October 29, 2020

Lower Back Injuries & Workers’ Compensation

The plaintiff in The City of Chicago v. The Illinois Workers’ Compensation Commission worked as a laborer for the City of Chicago’s sewer department. While pushing a wheelbarrow full of bricks in August 2002 he injured his lower back. After being diagnosed with a herniated disk at L4-L5, he underwent physical therapy and two microdisectomies. By July 2003, he had returned to work but still experienced daily pain and muscle spasms in his legs.

While his workers’ compensation was pending, a trench collapsed on him in May 2004. He then received steroid injections to treat nerve damage at L5. He was reassigned when he returned to work in May 2005, and his hourly pay rate was reduced from $29 to $17.

The plaintiff’s claims were consolidated and he was awarded permanent partial disability benefits (equal to 20% loss) for the first injury and then received $388 a week based on wage differential determination for the second injury. Because the city failed to pay a wage differential benefit from May 2005 to March 2006, the arbitrator awarded him penalties and attorney fees, stating that this delay was “vexatious” and “unreasonable”. The employer appealed to the IWCC—who affirmed the decisions—and then asked for review in the Cook County Circuit Court, which confirmed the decision.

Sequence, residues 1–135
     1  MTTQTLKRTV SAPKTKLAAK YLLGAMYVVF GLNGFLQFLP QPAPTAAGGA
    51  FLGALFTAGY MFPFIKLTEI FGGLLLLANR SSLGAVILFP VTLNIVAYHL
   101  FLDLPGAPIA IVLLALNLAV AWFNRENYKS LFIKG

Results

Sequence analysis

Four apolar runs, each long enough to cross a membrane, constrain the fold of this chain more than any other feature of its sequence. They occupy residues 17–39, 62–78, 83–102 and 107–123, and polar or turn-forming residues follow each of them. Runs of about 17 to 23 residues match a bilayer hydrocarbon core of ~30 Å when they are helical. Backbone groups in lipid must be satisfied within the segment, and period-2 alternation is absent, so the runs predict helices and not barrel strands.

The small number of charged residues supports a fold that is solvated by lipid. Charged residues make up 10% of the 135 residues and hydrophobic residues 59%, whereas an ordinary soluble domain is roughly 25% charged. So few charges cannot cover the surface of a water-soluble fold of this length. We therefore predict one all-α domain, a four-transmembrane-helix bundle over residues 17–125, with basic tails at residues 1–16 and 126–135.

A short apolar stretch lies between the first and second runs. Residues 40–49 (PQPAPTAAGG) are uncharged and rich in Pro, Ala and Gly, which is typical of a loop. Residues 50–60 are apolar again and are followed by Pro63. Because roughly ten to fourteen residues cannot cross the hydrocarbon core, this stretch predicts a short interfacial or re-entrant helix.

Raising three issues, the city appealed to the appellate court (The City of Chicago v. The Illinois Workers’ Compensation Commission, No. 1-09-2320WC.):

  1. Whether the commission erred in awarding benefits pursuant both to Section 8(d)(2) and Section 8(d)(1) for the same condition of ill-being;
  2. Whether the commission erred in awarding medical expenses; and
  3. Whether the commission erred in awarding penalties and attorney fees for unreasonable delay in the payment of benefits.

The city contended that the plaintiff’s injury was the same condition of ill-being even though it was based on two separate incidents. The court noted “one very significant detail … at the time of the hearing, the first injury had not resolved itself and clearly was a factor when the claimant suffered the second injury.”

The Appellate Court determined that even though the claimant had suffered two injuries, the evidence showed only once condition of ill-being—and vacated the award of 20 percent loss of the person as a whole.

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